Am I Essential?
Several years ago I was hired by a business owner to determine if her staff could run the company without her. She had a personal opportunity that she wanted to explore, which would take her away from the office for extended travel. Simply put, she wanted to know if she was essential to her business. Without going into any detail, I can tell you the answer was, no. She wasn’t essential. Her staff could run the business without her.
This is one of those situations where a question about the essential nature of leadership gets raised.
Is leadership essential to your organization? If so, in what way?
It is an important question when we reframe it to be about how we measure leadership.
How do you measure leadership in your organization?
Is it influence? Vision? Decisiveness?
Or is leadership just another business buzzword?
Is leadership an idea like a values word?
Is it a reference point that we project onto certain people as expectations for how they are to present themselves within the organization, or in society?
We want our leaders to be heroic and influential. We want them to carry the burden on leadership so that we don’t have to.
In my book, Circle of Impact: Taking Personal Initiative To Ignite Change, I describe this perspective.
“Are you a leader?” I often ask people this question. I want to know if they see themselves as leaders. When I first began to ask this question more than two decades ago, I was surprised by the pushback that I got. My assumption was that people would be complimented by my question. They weren’t. Most of the time people said no. Their response wasn’t a nice sort of humble deflection of a compliment. Instead, I felt that I had offended them. This did not make sense to me.
I would then dig a little deeper and ask why. Almost universally their response would be either “I don’t want to be the boss” or “I don’t want all that responsibility.”
They saw leadership as setting a person apart for responsibility and recognition. In their view, leaders have a target on their back. It was a position of vulnerability and exposure to the scrutiny that they didn’t want. Many times, they told me of ruined friendships because one of their colleagues became their boss. Don’t call them a leader because it means isolation and pain.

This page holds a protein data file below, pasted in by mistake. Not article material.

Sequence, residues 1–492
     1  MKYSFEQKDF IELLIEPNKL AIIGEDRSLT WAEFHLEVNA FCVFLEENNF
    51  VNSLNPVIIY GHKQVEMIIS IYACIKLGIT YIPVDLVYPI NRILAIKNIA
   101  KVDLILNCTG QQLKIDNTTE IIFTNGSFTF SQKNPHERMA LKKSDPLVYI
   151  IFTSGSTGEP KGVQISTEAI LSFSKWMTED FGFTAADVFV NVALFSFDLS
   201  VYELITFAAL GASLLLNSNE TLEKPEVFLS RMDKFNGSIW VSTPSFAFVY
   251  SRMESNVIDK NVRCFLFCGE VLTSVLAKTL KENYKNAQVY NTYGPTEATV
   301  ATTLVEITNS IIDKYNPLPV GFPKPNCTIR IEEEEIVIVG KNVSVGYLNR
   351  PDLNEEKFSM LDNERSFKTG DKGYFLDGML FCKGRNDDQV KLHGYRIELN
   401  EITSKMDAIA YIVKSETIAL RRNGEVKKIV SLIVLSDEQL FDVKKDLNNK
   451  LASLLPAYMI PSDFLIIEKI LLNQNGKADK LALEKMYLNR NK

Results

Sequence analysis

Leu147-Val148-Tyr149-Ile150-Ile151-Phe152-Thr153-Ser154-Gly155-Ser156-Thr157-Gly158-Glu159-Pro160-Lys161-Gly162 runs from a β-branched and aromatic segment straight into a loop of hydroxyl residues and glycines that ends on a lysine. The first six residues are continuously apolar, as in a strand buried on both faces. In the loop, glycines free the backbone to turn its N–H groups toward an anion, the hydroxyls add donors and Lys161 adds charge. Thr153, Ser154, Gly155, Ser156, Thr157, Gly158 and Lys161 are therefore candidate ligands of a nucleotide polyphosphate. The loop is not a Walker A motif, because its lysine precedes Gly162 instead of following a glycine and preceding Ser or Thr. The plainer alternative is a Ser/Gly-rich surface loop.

While attending the Peter Drucker Global Forum, I had a conversation about how CEOs find that they are often isolated from the people they lead. This not a product of leadership practice, but how organizations have become structured.
In this sense, leadership is an abstraction. A word. A branding term. A word used to distinguish a person within an organization’s structure.
When we treat leadership in this way, the result is that we have few leaders and many followers. We end up with a leadership-starved organization.
What’s the alternative? We humanize leadership by making it a function of each person’s life. When everyone is given permission to take leadership initiative, isolation and pain go away. We all carry the same responsibility, albeit, in our differing roles within the organization.
Here is an equation that can help to tie this perspective together.
Values + Purpose X Initiative = Impact.
What gets promoted here? Not the heroic individual. Not the title or the role. Instead, we celebrate the difference that people are making. We are pointing toward the impact that matters.
Not only that, the organization becomes unified as each person seeks to make a difference that aligns with their shared vision for impact.
When leadership is the initiative taken to create impact, then organizations can become leader-rich.
In the story above, the business owner was not fully engaged with her business. Her staff could handle just about any situation that would arise. They were the genuine leaders of the business. They had to be. It was either do the job of creating impact or leave and find a new job. Even though it comes at this in a backward way, they were the ones who were daily taking personal initiative to serve their customers.
The challenge in making leadership essential in your organization is to equip and support people to take personal initiative. Focus on problem-solving, communicating and innovation. Trust people that they will create the impact the organization needs.
You may be in a situation where there are genuine obstacles to you taking leadership initiative. Coming up in my December Mid-monthly newsletter, I am going to show you how to practice leadership initiative in the workplace by using the Circle of Impact model of leadership.
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